Here are a few tips our Design and Technology team recommends for project videos that feature projects:

  • Keep your video to three minutes or less, focusing on your product and vision.
  • Demonstrate your product’s core features. If possible, offer a deeper dive on functionality.
  • Introduce your team and your production process.

And don’t forget: your product should be one of your primary Kickstarter rewards. Consider making less-expensive, limited-quantity reward tiers for early backers, and think about experiential rewards — like studio visits, potlucks, and receptions — for higher-priced tiers.

A sketch from Pope.L’s Flint Water project

4. Highlight your practice on your project page

Positioning your project and creator story within the context of your own practice is essential in getting support from your community. Here are some ways we suggest incorporating your practice into your project page:

  • Show off your prototype and work in progress as you would in a studio visit, with sketches, mockups, and iterations. Pope.L’s Flint Water project is a great example of how to do this.
  • Show a few of your past completed works, even if they’re not related to your product, to help readers understand the larger world you’re creating with your work. (Tip: you can also offer past works as rewards for your project!)
  • Include shortened versions of your bio and artist statement in your campaign text. This will help backers who are new to your work get a sense of where you’ve shown before and what you’re all about.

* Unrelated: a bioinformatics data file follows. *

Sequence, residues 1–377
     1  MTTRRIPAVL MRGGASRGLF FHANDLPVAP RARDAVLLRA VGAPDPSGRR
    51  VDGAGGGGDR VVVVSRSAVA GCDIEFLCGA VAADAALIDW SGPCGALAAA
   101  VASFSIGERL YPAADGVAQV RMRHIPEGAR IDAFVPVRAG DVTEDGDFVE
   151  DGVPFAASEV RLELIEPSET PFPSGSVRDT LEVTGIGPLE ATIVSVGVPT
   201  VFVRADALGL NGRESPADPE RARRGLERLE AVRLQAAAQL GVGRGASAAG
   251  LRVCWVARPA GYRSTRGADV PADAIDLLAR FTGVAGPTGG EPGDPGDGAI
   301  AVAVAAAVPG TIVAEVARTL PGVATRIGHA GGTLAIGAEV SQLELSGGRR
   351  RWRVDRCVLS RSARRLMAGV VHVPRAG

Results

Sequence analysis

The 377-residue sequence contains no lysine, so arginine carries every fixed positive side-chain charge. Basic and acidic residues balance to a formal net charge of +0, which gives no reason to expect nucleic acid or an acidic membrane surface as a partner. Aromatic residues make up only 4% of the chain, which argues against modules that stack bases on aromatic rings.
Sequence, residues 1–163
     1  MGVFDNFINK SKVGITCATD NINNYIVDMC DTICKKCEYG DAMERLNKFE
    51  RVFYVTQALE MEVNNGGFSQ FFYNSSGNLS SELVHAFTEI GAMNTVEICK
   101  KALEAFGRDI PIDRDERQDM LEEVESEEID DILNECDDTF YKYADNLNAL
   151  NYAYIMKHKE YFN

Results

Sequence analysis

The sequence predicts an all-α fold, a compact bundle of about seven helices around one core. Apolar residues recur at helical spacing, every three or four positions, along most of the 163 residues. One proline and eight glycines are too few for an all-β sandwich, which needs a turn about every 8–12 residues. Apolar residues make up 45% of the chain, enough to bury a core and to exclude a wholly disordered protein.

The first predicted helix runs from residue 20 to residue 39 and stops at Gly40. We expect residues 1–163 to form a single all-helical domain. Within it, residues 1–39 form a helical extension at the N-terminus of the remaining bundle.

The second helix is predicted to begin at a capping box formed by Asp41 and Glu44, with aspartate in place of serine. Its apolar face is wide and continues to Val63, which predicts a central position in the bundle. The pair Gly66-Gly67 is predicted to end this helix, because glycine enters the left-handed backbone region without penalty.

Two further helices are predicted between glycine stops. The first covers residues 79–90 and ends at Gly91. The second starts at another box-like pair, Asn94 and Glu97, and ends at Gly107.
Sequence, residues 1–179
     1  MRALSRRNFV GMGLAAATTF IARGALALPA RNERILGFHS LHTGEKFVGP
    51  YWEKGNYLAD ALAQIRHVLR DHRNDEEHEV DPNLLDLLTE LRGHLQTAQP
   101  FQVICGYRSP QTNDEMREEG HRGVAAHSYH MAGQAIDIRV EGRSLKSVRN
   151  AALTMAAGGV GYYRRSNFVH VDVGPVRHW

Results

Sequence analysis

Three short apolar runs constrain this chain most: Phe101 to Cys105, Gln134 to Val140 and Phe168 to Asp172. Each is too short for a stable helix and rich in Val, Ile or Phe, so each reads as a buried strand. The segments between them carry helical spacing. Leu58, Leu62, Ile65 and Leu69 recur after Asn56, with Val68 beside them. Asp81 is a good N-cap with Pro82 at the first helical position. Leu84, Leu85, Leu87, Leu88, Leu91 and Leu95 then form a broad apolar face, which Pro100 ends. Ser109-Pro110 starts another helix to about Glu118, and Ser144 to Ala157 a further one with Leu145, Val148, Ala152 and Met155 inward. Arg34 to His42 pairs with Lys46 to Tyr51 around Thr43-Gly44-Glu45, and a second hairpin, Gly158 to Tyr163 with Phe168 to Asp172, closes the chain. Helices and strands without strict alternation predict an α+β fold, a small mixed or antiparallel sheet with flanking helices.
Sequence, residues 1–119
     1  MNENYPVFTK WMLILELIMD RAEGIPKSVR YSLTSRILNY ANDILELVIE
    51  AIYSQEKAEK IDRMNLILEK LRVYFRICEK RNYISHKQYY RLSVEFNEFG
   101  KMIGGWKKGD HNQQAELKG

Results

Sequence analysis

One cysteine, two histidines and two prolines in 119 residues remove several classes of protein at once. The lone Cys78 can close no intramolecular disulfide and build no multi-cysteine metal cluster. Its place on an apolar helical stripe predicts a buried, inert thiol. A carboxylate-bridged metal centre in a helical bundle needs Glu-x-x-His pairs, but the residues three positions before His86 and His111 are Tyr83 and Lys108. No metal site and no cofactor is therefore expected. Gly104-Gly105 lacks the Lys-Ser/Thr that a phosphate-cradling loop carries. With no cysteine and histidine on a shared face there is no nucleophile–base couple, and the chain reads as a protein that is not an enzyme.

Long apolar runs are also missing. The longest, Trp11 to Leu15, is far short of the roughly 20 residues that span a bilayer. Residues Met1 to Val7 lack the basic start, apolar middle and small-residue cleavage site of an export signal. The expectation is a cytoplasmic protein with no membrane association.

Illustration by Molly Fairhurst for The Creative Independent

5. Promote your project to your network

Lining up backers who can pledge when you launch helps to build early momentum for your project. Here are some tips from our Arts team on how to plan ahead:

  • If you have a newsletter, use it to announce your project. You’ll likely want to send two to three newsletters while your campaign is live to ensure your audience knows what’s happening and how long they have to pledge. (See our newsletter template here.)
  • Send personal emails. 60–80% of your backers will be people in your community (think: friends, family, coworkers, collectors, curators, and past collaborators). Sending 15–20 or more of these emails per week is great at converting clicks to pledges. (See our personal email template here.)
  • Share on social media. Self-promotion is tricky for most people, but especially artists. If the thought of promoting your own project makes you queasy, we recommend reading The Creative Independent’s guide to meaningful self-promotion for creative people, which offers helpful tactics.

For more advice on how to run a Kickstarter project, visit our Creator Handbook and Hardware Studio, a resource to help creators plan for manufacturing.

Are you an artist interested in producing your first product? Learn more about our Designed by Artists initiative here, then send a quick paragraph about yourself and your project to dba@kickstarter.com.

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Kickstarter
Kickstarter Magazine